At 7:25 PM on Tuesday, 6/2/98, Sylvester went into resperatory and cardiac arrest during treatment for acute renal failure.
I dropped him off that morning for what I thought would be a simple glucose adjustment -- after doing very well for about 3 weeks after his diabetic condition went away, he started showing signs his glucose levels were rising. Something more was amiss with his behaviour.
By 10:45 AM his blood-work came back with terribly disappointing news: his kidney values were off the chart. Acute renal failure, end stage. We started fluid therapy in an attempt to bring him back. I went to visit him at 3 PM and he looked awful.
I went back at 5:30 to visit again -- he looked a little better. I spoke to the vet who was very frank. If he didn't have any improvement by morning, instead of schedulling his thyroid surgery, we were discussing his humane passing.
I rubbed Sly behind the ears and asked him to give up his fight on his own. I let the vet at 6:35, knowing full well that was the last time I'd ever hug him and see him alive.
Less than an hour later, during his evening treatment, fear must've caught the best of him. He was still fighting to the end, his last fight costing him what was left of his life. Unfortunately due to the tornadic weather, the vet could not get ahold of me -- even if they did, there was little I could do. As the severe storms rumbled thru, the earth shook and a cold wind came behind them. I turned to Cinday and said, "he's gone now..."
First thing in the morning the vet delivered the sad new. I went down to hold and comfort his body. He was truly a special friend. The complexities of married-with-kids life and homeownership had conspired to push Sly to secondary status -- his medical needs were met first every day but there was little time for play anymore. I wish I could have those moments back. There's a big hole in my heart for my friend and those lost moments. This is a siren call to take more time to smell the roses.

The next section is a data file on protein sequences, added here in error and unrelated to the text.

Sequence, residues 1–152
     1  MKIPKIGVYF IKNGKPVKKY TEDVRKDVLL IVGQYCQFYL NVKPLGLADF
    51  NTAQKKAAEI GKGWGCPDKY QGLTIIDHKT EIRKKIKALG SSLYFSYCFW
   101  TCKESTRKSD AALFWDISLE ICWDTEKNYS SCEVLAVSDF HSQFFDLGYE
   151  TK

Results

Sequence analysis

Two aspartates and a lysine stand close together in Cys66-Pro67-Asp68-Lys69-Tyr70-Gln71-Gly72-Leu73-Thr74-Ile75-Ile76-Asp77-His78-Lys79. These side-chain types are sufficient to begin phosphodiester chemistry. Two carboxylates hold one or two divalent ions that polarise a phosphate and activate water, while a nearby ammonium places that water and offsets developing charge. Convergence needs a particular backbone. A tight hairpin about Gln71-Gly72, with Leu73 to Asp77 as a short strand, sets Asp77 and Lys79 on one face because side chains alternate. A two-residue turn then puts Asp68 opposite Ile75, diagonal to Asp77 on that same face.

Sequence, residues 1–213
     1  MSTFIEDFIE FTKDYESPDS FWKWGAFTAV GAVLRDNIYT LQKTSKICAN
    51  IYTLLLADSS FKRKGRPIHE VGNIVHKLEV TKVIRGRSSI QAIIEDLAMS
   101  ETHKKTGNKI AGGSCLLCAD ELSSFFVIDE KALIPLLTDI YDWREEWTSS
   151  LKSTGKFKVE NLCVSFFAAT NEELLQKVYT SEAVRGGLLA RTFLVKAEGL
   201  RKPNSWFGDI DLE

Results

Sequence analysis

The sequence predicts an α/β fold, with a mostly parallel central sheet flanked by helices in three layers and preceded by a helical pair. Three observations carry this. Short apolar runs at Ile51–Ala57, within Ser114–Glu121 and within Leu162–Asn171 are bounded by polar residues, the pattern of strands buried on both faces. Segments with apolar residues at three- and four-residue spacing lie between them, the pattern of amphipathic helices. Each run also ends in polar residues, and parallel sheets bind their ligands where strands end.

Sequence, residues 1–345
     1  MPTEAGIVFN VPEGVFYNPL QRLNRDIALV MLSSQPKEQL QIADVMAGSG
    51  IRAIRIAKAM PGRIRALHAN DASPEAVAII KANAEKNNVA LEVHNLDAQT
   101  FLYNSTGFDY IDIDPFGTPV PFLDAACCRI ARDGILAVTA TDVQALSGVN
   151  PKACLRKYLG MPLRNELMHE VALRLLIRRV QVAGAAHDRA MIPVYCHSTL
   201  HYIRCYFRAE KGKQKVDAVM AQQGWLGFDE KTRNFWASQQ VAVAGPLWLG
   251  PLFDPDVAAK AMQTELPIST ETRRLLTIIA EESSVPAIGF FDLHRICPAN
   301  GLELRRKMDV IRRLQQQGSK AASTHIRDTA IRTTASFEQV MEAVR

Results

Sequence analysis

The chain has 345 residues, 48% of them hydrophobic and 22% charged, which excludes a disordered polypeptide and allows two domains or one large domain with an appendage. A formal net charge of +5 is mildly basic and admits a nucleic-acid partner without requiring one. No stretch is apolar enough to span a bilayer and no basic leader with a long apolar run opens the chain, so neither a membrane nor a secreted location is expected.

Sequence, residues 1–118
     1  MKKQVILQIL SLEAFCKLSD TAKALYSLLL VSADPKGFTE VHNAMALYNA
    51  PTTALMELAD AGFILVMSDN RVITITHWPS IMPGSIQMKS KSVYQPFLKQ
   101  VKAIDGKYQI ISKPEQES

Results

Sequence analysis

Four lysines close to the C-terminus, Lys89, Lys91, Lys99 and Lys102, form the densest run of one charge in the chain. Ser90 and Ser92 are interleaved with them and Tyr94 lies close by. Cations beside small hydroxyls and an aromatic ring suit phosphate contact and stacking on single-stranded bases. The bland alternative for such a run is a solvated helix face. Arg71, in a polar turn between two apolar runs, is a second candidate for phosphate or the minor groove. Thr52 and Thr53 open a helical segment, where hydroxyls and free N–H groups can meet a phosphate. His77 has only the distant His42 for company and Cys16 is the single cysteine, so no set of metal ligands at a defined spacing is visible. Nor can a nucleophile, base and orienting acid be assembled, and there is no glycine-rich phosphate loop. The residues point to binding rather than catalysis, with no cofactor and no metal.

I lost a friend today.
He may have been 'only' a cat, but he was a constant companion and confidant. During my graduate school years and those first post-graduation moments when I went out into the 'real' world, he was a non-judgemental living being I could confide my hopes and fears to. At night when the lonely days had caughten up to me, he was there seeking warmth and comfort, keeping me company. There was just something so comforting in his purr and gentle needling. We travelled everywhere together, logging almost 100,000 miles together. When life grew more complicated he still was always there. After Grace was born we were concerned how he'd react to a new baby. He was surprisingly gentle, never lifting a paw or claw against her, no matter what Grace did.
I lost a friend today.
Do not go gently into the cold, dark night. Rage, rage, against the dying of the light.
Meet you at the Rainbow Bridge, my friend.
Thanks for listening.....
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